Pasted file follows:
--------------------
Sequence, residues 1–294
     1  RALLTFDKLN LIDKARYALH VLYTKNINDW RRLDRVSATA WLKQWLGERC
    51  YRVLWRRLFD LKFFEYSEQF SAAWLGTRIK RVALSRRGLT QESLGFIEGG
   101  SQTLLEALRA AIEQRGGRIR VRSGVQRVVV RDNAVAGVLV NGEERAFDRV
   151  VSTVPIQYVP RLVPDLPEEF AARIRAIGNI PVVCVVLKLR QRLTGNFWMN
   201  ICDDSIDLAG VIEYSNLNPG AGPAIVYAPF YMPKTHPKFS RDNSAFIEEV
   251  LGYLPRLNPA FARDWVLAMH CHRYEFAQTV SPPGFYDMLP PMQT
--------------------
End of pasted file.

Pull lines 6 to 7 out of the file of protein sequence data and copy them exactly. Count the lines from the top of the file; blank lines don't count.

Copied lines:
   201  ICDDSIDLAG VIEYSNLNPG AGPAIVYAPF YMPKTHPKFS RDNSAFIEEV
   251  LGYLPRLNPA FARDWVLAMH CHRYEFAQTV SPPGFYDMLP PMQT